Today, the NCOA cadets learned about servant leadership and the warrior spirit. The Air Force defines servant leadership as the point when the leader sees him or herself primarily as a servant of the team, putting him or herself last and the team first. Being a servant leader is a key concept in developing relationships with people within CAP. They also learned that warriors defend something valuable such as their personal honor. Having a warrior spirit means that you make a promise to yourself that you will not lie, cheat, or steal, even if everyone else commits those wrongs. Being able to embody the warrior spirit directly ties into the CAP core value of integrity so instilling this in cadets from a young age is critical to their future success within the cadet programs. Cadets also devoted a portion of their day to drill practice. NCO’s being excellent in drill is extremely important because of the NCO’s role within a squadron as the ones who directly train cadets and new recruits. It’s crucial for them to become experts in drill before they can begin teach it correctly to others so that others may carry on the CAP legacy.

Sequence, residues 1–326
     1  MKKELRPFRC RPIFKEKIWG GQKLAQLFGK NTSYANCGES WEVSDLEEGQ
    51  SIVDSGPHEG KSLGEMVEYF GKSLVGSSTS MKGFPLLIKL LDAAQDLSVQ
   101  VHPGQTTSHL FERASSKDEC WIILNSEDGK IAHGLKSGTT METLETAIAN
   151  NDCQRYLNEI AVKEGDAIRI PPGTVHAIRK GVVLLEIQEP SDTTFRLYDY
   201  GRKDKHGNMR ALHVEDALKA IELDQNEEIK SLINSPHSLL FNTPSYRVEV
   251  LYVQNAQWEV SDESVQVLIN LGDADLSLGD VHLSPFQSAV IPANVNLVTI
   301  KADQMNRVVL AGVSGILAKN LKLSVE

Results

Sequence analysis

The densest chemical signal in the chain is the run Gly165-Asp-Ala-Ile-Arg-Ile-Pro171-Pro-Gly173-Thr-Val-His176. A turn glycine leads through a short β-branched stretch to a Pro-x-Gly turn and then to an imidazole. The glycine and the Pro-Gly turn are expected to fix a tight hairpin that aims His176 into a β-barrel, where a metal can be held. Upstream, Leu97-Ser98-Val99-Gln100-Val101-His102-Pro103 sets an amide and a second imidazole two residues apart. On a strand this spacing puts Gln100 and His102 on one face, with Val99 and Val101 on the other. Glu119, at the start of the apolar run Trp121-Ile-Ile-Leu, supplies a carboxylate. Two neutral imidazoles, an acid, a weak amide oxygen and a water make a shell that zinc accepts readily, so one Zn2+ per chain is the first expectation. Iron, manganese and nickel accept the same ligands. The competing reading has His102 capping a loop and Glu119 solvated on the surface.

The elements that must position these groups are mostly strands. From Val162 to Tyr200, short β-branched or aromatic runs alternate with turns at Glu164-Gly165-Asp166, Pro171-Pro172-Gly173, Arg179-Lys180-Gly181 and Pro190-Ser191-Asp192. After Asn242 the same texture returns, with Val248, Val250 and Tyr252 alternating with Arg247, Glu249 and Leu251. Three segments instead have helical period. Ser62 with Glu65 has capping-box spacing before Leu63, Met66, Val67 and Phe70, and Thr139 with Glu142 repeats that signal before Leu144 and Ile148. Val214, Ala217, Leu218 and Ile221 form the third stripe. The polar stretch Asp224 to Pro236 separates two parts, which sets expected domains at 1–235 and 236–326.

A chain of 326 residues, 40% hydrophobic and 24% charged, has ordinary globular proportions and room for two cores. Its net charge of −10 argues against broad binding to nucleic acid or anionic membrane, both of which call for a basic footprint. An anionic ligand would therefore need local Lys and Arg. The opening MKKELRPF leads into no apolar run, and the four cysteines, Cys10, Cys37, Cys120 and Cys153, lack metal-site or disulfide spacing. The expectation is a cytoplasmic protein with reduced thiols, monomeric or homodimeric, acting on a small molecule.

The SNCOA cadets performed impromptu speeches, meaning that they were given a random topic without allotted time to pre-prepare a speech. The speech they gave was all made up on the spot. They also learned about the legacy of SNCO’s and how they have a critical effect the cadets they interact with. They also spent time learning about time management and how essential it is to success inside and outside of CAP.
OTS cadets spent the day learning about what it takes to be an officer, starting with what officership truly means and enhancing their knowledge on squadron drill and ceremonies. They also took time to discuss how different personalities and viewpoints may affect inter squadron relationships and overall efficiency.
CCSC cadets spent most of their time yesterday presenting to the other 3 classes and working on their final assignment, a rigorous planning project in which they must pass in order to graduate CCSC. They also discussed important differences and similarities between line and support staff and why they are both essential to the training of cadets in any squadron and at any event.
At the end of the day, Lt Col Kost and Lt Col Smalley gave a briefing to all of the classes on cadet programs discussing the many opportunities they offer cadets of all ranks. The cadets were given the rest of the night to work on their final assignments which are due first thing after breakfast today.
Pictures from graduation tomorrow will be posted to Facebook, Cadet programs website, etc. within two days of the end of CTEP!
-C/1st Lt Amanda Ringo